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Increasingly I am beginning to develop a heartfelt hatred for systems that give a coach/manager of sporting team ultimate control over the team's destiny. The Ancient Greeks really were onto something when they dreamed up the system we now call democracy. Power to the people, I say. At the very least, power to more than one person.
England will lose The Ashes. Why you ask? Two words: Duncan Fletcher.
Fletcher is oft credited for the resurgence of English cricket. He formed great partnerships with Nasser Hussein at first, then Michael Vaughan (unfortunately, his latest partnerships with Strauss and Flintoff haven't paid off quite as richly). He was responsible for fostering an attitude where all individuals play for each other, for the collective. He taught the Poms how to be absolutely ruthless and clinical when the opposition was down (epitomised by the cold response to Ricky Ponting's flowing wound during the last series).
For all the good he did, somewhere along the line, he grew comfortable in his surroundings. Fletcher started giving the impression that he knew exactly what to do to make his side win a match. Part of his strategy revolved around sticking, through hell or high water, with a core set of players. Cricketers that had been through the tough times and proven themselves to be good "team-men".
This strategy will pay rich dividends if the players in the core group are at the top of their class, on a global scale - ala Warne, Flintoff, Ponting, Tendulkar, Dravid etc. However, such a plan is quite likely to go to the dogs in the event that injury , ill-fortune or bad form strikes one or a number of players simultaneously or within short time spans - as has been the case with England.
While they were fit and on top of their game the likes of Flintoff, Pietersen, Jones and Vaughan (to an extent) were able to carry the lesser lights in the team. Geraint Jones' dropped catches were easily forgotten because the bowlers continued to manufacture other opportunities. Ashley Giles got the odd wicket (a wicket every 90+ balls for a specialist bowler is abysmal) because the opposition batsmen targeted him for cheap runs.
In recent times, we have seen how the Poms have unraveled when their stars have not been around or have not been able to consistently produce the goods. Ian Bell has improved a shade to prop up the batting on occasion. Matthew Hoggard has provided some an avenue of attack when conditions have been favourable, but the bowling has looked toothless with the Steve Harmison MIA and Flintoff's body creaking under the enormous workload. The bench is almost talent-less and this has not helped the cause.
However, the two players that have made a discernible difference have been Chris Read and Monty Panesar. Gone were the days of an inept 'keeper fumbling dollies and a spin bowler who couldn't spin it in dust-bowls. Read provided a calm assurance and Panesar provided an attacking option that has been the basis of recent English victories, particularly against Pakistan. For all of G Jones' batting prowess, Read has performed just as well and for all of Monty's much maligned frailties with the bat and in the field, he has redeemed himself (and then some) in terms of wickets taken.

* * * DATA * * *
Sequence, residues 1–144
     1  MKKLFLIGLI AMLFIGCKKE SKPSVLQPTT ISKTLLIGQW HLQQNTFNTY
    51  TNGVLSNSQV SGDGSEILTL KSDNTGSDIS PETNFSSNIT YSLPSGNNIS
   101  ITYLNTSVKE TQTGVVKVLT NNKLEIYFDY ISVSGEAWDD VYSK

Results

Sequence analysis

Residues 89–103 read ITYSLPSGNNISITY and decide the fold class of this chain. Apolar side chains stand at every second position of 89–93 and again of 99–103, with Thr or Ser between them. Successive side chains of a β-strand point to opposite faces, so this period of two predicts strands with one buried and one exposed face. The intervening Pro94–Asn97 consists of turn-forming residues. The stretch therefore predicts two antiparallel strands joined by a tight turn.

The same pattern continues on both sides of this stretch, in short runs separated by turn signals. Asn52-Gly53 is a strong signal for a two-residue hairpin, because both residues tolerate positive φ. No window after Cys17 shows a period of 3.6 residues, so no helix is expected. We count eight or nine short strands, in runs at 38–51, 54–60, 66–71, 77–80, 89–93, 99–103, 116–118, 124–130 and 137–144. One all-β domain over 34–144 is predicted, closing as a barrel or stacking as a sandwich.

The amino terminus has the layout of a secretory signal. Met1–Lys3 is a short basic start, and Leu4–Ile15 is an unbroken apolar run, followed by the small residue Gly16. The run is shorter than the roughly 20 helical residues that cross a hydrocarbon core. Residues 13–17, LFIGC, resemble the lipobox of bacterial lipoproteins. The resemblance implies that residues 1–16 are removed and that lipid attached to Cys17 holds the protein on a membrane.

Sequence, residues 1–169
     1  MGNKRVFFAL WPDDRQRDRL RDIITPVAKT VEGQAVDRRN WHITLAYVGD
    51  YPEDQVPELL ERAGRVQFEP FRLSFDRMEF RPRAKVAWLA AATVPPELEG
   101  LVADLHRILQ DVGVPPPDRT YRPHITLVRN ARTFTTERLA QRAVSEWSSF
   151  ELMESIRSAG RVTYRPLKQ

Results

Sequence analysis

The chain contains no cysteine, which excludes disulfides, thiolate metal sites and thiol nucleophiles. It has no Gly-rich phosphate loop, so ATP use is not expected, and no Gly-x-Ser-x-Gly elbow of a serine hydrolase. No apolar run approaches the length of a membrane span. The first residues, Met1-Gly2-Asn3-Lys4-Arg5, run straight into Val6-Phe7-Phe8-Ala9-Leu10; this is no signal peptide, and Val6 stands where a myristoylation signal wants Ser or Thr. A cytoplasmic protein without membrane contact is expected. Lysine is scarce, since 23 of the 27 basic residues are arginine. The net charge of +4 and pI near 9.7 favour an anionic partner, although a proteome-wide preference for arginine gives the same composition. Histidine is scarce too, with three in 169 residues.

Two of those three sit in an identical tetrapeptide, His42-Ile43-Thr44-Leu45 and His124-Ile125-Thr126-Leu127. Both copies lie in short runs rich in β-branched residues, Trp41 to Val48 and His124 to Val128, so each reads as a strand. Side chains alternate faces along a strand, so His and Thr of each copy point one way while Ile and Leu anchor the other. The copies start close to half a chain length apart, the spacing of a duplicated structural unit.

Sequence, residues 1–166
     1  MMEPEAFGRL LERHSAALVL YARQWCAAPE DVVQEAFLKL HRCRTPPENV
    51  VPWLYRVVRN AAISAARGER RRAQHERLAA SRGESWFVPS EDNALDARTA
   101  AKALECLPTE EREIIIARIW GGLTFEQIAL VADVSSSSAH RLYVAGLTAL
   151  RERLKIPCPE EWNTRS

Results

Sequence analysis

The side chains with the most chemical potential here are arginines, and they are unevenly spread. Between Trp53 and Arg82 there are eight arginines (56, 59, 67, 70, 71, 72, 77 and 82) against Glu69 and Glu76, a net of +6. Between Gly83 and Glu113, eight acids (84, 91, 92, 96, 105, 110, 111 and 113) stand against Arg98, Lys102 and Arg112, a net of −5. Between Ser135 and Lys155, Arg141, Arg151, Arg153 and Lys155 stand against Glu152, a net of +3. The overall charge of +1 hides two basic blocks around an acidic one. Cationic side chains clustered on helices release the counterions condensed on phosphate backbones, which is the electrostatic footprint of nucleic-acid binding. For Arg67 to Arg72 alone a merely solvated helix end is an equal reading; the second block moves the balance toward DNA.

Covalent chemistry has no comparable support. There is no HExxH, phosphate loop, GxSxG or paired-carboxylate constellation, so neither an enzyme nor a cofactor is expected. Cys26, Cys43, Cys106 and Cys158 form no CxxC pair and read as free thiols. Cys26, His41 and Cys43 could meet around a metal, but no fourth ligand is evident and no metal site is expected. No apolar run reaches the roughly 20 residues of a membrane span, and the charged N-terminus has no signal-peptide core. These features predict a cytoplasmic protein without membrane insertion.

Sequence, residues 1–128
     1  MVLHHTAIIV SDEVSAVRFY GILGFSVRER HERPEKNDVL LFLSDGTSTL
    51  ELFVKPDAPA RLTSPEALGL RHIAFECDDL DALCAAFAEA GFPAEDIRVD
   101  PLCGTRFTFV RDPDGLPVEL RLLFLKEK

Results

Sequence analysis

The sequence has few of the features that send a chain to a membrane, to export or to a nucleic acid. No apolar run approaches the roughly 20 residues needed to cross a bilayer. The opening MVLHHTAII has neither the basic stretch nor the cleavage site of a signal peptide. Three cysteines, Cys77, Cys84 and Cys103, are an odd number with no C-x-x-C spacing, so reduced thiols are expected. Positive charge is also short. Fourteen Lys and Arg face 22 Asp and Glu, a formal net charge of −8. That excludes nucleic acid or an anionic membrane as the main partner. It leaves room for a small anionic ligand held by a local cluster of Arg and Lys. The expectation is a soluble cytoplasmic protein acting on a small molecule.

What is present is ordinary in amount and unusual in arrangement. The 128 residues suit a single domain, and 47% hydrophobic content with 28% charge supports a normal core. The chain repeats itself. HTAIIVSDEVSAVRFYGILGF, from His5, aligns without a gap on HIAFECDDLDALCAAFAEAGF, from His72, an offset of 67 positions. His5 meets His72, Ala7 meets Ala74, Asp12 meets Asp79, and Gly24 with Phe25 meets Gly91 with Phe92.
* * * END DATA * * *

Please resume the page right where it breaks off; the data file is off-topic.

With all that success having gone to his head, Fletcher seems to believe the only way to beat the Aussies, again, is to employ the same personnel. If that were the case, Sourav Ganguly would still be playing and carting Australian bowlers all over the GABBA like he did in the first test of the 03/04 series. For some totally unfathomable reason, Fletcher has no faith in Read and Monty Panesar.
This lack of faith has not been shared by either Flintoff, or Strauss, while they have taken turns at the captaincy. However, for some inexplicable reason, in the first warm-up match against the Australian PM's XI, Monty bowled 3 overs for not many while Giles got carted for 50+ in his 8 overs. Maybe that was an attempt to get some miles in Giles' legs. But, why? Wouldn't England be better off giving Panesar more match practice in Australian conditions? What is worse is that Jones was back in place of Read.
If the Poms are serious about winning The Ashes, this is not the time to play favourites. Flintoff needs to get in Fletcher's ears and tell him, in unequivocal terms, that Panesar and Read are more likely to succeed than Giles and Jones. Plan and simple.
As it is, with all their form and injury worries the English are going to have a tough time defending the urn. Fletcher's pre-occupation with recreating the past will definitely lose England The Ashes. It is time that Flintoff flexed his proverbial muscles and played a part in the selection of the team. Dictatorships have never been prosperous for all involved. Fletcher's version will not be prosperous for England, if it is not replaced by a democracy involving Flintoff - at the very least.
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